Media Day News and Notes

Seneca Wallace won't be returning to lead Iowa State in 2003, and that has various preseason prognosticators predicting some down times for the football program this fall. It isn't the first time ISU has prepared for a season without many expectations from the outside, and it figures to be a motivating factor in team huddles.

Preseason predictions won't go unnoticed

Always one to use the ‘underdog' or ‘lack of respect' themes with his players, McCarney said it wouldn't take much to get his players excited for the season and prove the outsiders wrong.

"Outside we see a 62nd, 72nd, 56th and fifth in the Big 12 North," he said. "We see everybody else going to postseason play, except for Iowa State when you read magazines. I don't have to fabricate the lack of respect from the outside or lack of notoriety or faith they have in this program. That's what it is. It isn't one coach, player or staff member, they just look at it and say you can't reload after Seneca Wallace and they've peaked out. We're not even close to hitting the peak of this program."

If the season plays to form with preseason prognosticators, and the Cyclones spent the bowl season at home, what would McCarney think?

"You stop and think about sitting at home over the Holidays after this school had 22 years without it," he said. "Just to think about that makes me sick to my stomach. I don't even want to think about it. We've got tradition in place now. The players and coaches expect it.

"Put the Raiders, Ravens or Packers on the schedule and we still want to go to postseason play at the end of the year. The administrators in our conference have worked hard to make sure we have these opportunities at the end of the year. We've got to find a way and hopefully have a choice at the end of the year where there is not just one possibility and there are a number of teams that want us to come. The tradition is there that we'll travel fans and that we're an exciting football team."

Newcomers face quick transition

Due to new NCAA rules for preseason camps, freshmen and veterans are required to report on the same day and practice together. That has made for some uneasiness, as first-year players are being forced to adapt to the rigors of training camp early.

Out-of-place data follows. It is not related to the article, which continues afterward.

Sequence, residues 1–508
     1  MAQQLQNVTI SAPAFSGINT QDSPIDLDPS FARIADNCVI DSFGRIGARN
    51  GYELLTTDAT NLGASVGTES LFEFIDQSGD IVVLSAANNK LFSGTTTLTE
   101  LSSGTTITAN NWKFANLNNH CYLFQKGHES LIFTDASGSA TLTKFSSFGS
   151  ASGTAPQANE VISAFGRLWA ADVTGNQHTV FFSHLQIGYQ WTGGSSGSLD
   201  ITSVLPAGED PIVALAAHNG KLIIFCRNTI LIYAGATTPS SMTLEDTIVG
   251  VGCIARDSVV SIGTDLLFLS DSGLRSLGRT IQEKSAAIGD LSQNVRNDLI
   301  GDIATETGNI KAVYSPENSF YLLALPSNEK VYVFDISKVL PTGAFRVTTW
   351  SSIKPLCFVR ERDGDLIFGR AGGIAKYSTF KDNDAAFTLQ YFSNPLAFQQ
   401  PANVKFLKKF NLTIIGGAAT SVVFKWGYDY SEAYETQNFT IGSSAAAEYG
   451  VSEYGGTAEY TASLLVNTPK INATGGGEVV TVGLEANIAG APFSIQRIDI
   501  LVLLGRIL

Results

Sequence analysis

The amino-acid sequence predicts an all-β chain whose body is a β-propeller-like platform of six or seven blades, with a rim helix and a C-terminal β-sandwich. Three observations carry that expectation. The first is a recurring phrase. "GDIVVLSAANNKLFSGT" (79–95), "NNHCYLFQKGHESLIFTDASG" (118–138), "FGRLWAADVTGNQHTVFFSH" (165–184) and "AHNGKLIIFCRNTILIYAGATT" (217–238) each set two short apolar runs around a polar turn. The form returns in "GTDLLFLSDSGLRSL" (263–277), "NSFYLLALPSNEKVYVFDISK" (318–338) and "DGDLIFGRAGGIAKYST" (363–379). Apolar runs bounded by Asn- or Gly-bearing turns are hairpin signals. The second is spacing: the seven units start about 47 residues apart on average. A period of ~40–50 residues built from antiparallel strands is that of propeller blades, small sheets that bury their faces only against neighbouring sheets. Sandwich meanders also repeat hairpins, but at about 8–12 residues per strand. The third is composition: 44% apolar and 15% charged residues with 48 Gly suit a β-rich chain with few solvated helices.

"It was different going to practice today and not having those three days with the freshmen before you start with everybody else," McCarney said. "It's an NCAA rule and it's fair. We're all under the same rules. But it is hard on those young kids that don't know where to line up and anything about it. We have had no previous meeting time. We've got to coach them on the run and they've got to learn on the run.

"We have made some adjustments to the practice schedule. When you only go one-a-days, which we will, practices will be a bit longer. Once we get into two-one-two-one-two, you're trading a morning practice for a walk through, which is legal. You can go out and walk through, just so long as it's not full speed and you don't have a ball. So we're lengthening the one practice we have and doing some conditioning on those one-a-day practices that we didn't do when we were going two-a-days. The days that we go two, the only ones that will run are the ones that didn't make their shuttle time or had any pre-snap penalties or penalties in practice. Other than that, our two-a-day practices will remain very similar."

It's too early to say which of the freshmen would or wouldn't play this season, but McCarney raved about the athleticism and speed of this group.

"I will be anxious to see how some of these young guys come in," he said. "Jason Berryman was all over the place this morning. Most of the time in the wrong place, but he is really athletic and quick and fast. We've got to bring those guys along. Ron Prelow jumped out there and it looks like he's real quick and fast. It's a good group of kids and we're really trying to put a premium (on speed)."

Injury news

Although the team received a clean bill of health overall, ISU will be without the services of offensive linemen Kory Pence and Cory Wierson indefinitely, McCarney said. Pence, who sat out with a broken bone in his foot after an accident during winter workouts, re-broke the bone this summer. Meanwhile, Wierson continues to be hampered by knee problems after a torn ACL ended his true freshman year prematurely.

"Pence re-broke a bone and we're going to X-Ray it again August 11 and will take a look at it," McCarney said. "Hopefully he'll be able to come back and get in the mix for the first game. It all comes down to the healing of the bone. He's not with us right now.

"Cory Wierson has not responded since surgery last fall. No one has worked harder and he's one of the strongest kids on the team. He benched 450 pounds. But right now there is constant swelling and fluid in his knee, so he won't be in the 105 and won't be in the picture at all for the first game. We'll see how it goes as the season goes on."

McCarney added that Chris Whitaker, Eric Schmitz, Waye Terry, Beau Klaffke, Andy Leaders, Boyd Viers and Nick Linder, who each missed time this spring for various reasons, returned to the field Wednesday.

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